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Help Me Out Here

Old 06-27-15, 03:52 AM
  #26  
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Originally Posted by bikecrate View Post
Not convinced this isn't just a troll. Perhaps OP should change username to Unconcernedgetoffmyroads.
I'd go further. There is absolutely nothing to suggest that this is anything other than a troll

1. Join date June 2015.
2. First post: an anti-cyclist rant thinly disguised by somewhat-careful phrasing and an attempt at conveying a rational tone.
3. Tone and substance very close to that of thread-starting posts made under a couple of other user-names as 'first posts' recently on here.

Reasonable conclusion: 'obvious troll is obvious'.
Ignore.
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Old 06-27-15, 04:12 AM
  #27  
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Hah hah, nice Concern Troll. The OP even went as far as to label themselves "Concerned"
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Old 06-27-15, 06:02 AM
  #28  
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Originally Posted by Trevtassie View Post
Hah hah, nice Concern Troll. The OP even went as far as to label themselves "Concerned"
No forum group bites on a troll better than A&S.
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Old 06-27-15, 06:21 AM
  #29  
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Originally Posted by bikecrate View Post
Not convinced this isn't just a troll. Perhaps OP should change username to Unconcernedgetoffmyroads.
Of course it's a troll. I only responded as an exercise. The OP almost certainly has no interest in actually listening to arguments or to be convinced, and nobody here buys his crud either, but it's useful to practice responding to this sort of malarkey in a reasonable way.
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Old 06-27-15, 06:45 AM
  #30  
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Drivers seem to forget that they are the johnny come lately to the streets. Pressure from cyclist in the late 1800s causes roads to be developed. So the fact is cars are actually driving on cyclist roads.
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Old 06-27-15, 07:01 AM
  #31  
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"Share the Road" is a warning for cars and a reminder to bicyclist. Roadways/driving have inherent risk and that is just life as it is. Everyone who uses the road should be put through a class like this... Smith System - Five Principles of Safe Driving | Platinum Drivers Inc.
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Old 06-27-15, 07:09 AM
  #32  
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Originally Posted by KD5NRH View Post
Wait; what if it's a donkey on a unicycle?
Put the donkey on You Tube and take the viral cred.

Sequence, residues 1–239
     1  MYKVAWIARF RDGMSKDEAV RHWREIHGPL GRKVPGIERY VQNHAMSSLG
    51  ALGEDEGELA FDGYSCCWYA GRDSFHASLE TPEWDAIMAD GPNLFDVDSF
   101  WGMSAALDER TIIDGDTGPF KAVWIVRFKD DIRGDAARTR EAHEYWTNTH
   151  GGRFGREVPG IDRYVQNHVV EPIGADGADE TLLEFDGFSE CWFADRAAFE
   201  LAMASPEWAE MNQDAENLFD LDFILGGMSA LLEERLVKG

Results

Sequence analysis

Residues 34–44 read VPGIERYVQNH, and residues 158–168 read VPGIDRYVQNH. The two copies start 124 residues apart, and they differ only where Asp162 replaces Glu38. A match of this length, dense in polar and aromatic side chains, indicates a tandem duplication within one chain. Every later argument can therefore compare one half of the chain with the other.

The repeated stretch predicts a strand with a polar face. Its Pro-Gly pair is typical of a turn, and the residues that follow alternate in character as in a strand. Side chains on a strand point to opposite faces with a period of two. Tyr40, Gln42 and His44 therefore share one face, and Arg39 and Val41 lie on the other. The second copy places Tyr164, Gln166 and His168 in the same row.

Is the OP going to make another post or is this neener neener?
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Old 06-27-15, 07:28 AM
  #33  
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Originally Posted by ItsJustMe View Post
Of course it's a troll. I only responded as an exercise. The OP almost certainly has no interest in actually listening to arguments or to be convinced, and nobody here buys his crud either, but it's useful to practice responding to this sort of malarkey in a reasonable way.
Bingo! Winner, winner!!!
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Old 06-27-15, 04:49 PM
  #34  
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Originally Posted by concerned View Post
If I decided to drive my riding lawnmower to work and back every day, should I expect drivers of more appropriate vehicles to accommodate me with a smile?
https://www.youtube.com/watch?v=Mc2iCjnTnN4
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Old 06-27-15, 11:09 PM
  #35  
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Originally Posted by ItsJustMe View Post
Simply put, the right to free travel has been around since forever. Muscle powered transport is the one kind of transport that can't be taken away from people. In fact it's generally considered to be a right. Driving a car is not a right, it's a privilege and CAN be revoked by society.

That includes donkeys btw. Yes, people are allowed to ride quadrupeds on the roads and frequently do around here.

Roads are not built for car drivers, they're built for the common good. This includes all uses, transportation of goods, commuting to work, recreation, etc, regardless of the type of vehicle people choose to use.

Most of the roads in the US were actually built to get goods to market, not for people to drive around, so you could make the same argument about passenger cars "getting in the way of" trucks hauling goods.

Nobody's asking for special privileges, we're only asking for the same rights as anyone else who is paying for the roads.

Your argument about "trails available in parks" and such is a complete red herring. It presupposes that bicycle riders are just out joy-riding and have noplace to go. I personally ride every day, about 30 miles, and I'm just going to work and back, or running errands. I haven't ridden a single foot just for fun in years. I'm just going to work and back, or to the store, same as you.